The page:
basically imposed the contract. Eventually he imposed it and they


were furious but I think what it is beginning to show now is the resolve


is beginning to wane. They had the public on the side but over time,


that support could begin to fade. And if I was in the government now,


I would look at that leaked e-mails being exposed and say, I think we


have lost this battle. You wonder how long any campaign can go on for


because people get fatigued. Senior doctors make the point that if


junior doctors are out on strike, they are still there, stepping into


the breach. That is true but the NHS is such an enormous thing that is so


pervasive in Britain that there are so many services that come under


threat and I think what they speak to in this is the should continue to


work in paediatric services on strike days because there are


certain things that you need sufficient numbers of medical staff.


The other point is the government will not back down on this and that


is partly because they want to introduce different contracts to


different parts of the NHS and care system so if they back down now,


they can't introduce reforms down the line. Let's look at the FT. A


number of very highly paid individuals, all of them then, I


don't know what that says... Investors on the war path over


executive pay. The suggestion that he has got so great that


shareholders might have something to say about it. Be very interesting


story. There was a row over executive pay in the height of the


financial crisis when suddenly workers wages were stagnating and


people were losing their jobs and there was this at the top of


Britain's corporate life that were being paid a lot of money and then


it seemed to dissipate a bit. This week, a couple of big companies, the


shareholders have voted down the pay packages of the people at BP and


Smith and nephew. What is beginning to happen is when you look at this


story, what investors are saying is that actually, he has kept on rising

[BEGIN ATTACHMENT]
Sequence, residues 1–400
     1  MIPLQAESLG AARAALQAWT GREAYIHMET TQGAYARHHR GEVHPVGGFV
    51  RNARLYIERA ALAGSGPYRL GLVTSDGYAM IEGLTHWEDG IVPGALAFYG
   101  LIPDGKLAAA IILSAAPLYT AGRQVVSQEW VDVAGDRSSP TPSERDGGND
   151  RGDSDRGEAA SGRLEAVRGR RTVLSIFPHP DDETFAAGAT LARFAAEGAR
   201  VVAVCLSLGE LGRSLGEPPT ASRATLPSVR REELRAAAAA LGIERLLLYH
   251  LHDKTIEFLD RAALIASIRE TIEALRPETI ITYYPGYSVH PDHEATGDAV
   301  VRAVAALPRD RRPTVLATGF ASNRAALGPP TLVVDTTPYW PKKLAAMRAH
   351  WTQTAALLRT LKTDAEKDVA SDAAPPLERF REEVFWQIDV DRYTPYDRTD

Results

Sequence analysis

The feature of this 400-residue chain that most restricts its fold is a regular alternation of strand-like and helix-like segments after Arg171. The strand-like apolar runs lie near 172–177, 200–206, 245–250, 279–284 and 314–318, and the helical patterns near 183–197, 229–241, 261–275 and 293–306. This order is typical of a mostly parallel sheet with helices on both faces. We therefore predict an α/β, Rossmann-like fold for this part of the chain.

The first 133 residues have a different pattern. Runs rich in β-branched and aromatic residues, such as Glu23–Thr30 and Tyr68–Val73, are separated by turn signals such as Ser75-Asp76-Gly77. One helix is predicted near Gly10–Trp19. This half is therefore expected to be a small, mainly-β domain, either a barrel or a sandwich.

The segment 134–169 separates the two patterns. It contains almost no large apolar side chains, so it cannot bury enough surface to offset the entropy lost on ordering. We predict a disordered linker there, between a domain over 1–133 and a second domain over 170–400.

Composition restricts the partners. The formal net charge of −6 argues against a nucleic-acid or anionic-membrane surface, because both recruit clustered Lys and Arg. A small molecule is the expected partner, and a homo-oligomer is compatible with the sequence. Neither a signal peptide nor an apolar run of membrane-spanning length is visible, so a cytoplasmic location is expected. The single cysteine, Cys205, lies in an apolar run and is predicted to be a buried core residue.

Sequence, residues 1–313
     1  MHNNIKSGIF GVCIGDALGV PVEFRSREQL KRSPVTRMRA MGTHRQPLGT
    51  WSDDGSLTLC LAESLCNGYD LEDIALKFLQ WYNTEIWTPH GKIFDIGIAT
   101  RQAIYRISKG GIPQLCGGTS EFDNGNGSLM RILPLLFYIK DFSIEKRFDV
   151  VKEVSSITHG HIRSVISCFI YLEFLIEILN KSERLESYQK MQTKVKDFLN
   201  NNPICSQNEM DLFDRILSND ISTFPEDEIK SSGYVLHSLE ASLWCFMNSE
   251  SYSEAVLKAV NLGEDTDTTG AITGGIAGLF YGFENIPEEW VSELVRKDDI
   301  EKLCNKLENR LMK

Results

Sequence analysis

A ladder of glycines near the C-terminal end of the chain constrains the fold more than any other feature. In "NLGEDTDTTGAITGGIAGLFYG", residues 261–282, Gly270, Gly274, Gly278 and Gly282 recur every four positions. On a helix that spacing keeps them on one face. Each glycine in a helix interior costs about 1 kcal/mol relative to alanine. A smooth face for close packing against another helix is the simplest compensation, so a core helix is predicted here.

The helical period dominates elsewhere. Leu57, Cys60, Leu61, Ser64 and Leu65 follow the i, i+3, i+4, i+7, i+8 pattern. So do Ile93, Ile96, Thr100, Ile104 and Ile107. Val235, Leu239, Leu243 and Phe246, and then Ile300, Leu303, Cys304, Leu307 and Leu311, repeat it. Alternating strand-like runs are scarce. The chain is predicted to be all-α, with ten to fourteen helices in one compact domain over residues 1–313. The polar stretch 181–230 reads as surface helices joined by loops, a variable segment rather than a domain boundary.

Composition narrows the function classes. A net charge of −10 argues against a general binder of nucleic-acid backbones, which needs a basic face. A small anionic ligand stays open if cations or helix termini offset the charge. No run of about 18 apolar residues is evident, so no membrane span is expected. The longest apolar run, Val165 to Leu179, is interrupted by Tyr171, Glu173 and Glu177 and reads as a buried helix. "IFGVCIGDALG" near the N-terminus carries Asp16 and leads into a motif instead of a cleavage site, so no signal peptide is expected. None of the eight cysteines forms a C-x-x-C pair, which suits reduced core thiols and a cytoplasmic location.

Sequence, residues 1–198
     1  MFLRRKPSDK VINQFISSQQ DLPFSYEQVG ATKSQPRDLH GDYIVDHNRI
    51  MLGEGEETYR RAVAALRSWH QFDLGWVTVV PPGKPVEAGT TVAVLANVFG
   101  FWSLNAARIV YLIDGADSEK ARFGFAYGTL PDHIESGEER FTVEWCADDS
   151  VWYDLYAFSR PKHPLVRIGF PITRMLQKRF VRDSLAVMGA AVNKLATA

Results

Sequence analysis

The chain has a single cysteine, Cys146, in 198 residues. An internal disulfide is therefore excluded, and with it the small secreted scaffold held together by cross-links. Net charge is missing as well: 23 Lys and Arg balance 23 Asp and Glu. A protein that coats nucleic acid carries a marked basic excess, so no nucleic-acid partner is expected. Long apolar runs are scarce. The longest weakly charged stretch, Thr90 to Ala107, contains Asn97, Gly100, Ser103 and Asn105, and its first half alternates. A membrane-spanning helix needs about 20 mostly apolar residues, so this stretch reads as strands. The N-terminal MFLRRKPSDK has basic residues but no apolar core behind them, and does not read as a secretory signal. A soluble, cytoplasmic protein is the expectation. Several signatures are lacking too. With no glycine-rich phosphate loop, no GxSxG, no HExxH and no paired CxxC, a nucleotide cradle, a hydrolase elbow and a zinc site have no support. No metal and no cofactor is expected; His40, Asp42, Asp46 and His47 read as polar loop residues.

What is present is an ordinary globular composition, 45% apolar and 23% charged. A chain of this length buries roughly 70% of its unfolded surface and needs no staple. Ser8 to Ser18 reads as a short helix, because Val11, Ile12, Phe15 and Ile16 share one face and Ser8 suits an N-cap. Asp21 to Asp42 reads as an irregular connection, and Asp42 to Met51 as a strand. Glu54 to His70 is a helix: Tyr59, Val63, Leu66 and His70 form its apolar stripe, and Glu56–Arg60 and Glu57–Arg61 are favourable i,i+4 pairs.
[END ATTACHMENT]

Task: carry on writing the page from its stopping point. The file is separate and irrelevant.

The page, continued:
and it is an acceptable. The average pay ratio between a fit the 100 pay


executive and the average worker is 150 times, compared to 50 times in


the 1990s. -- FTSE 100 company. In-depth as -- investors are now


saying this is not sustainable in a culture where people are becoming


very angry, not just about corporate paper as you saw in the Panama


Papers, received wealthy people, people who are very rich, not paying


their share. There are some countries that have a limit, did


they? Some companies have a limit about how much the person at the top


can be paid as a multiple of the person at the bottom?


There are limits. The case here is that people on the side of the


salaries argued that the BP chief executive has his markers and if he


hits them, he gets paid for hitting the markers. It doesn't matter to


them that lots of people are losing their jobs at BP and the company is


losing money. These aren't the only companies. There are investor


meetings coming up. Anglo-American, Shire.


Big companies. We don't often have a chance to feature the international


New York Times. Briefly, if you would, explain this story.


A German comedian has gone out and put out an aggressive, the difficult


take on the Turkish leader -- satirical take on the Turkish leader


and the Turkish leader has come back and has basically got Germany to


allow this comedian to now be prosecuted under a pretty antiquated


law in which a foreign leader to deduct criticising a foreign leader


can lead to a prosecution. And he could get a prison sentence.


It has been used before the against Pinochet of Chile. The migrant


crisis is the background to this. You have to see this in the context


of where is Angela Merkel with Turkey and what is the relationship?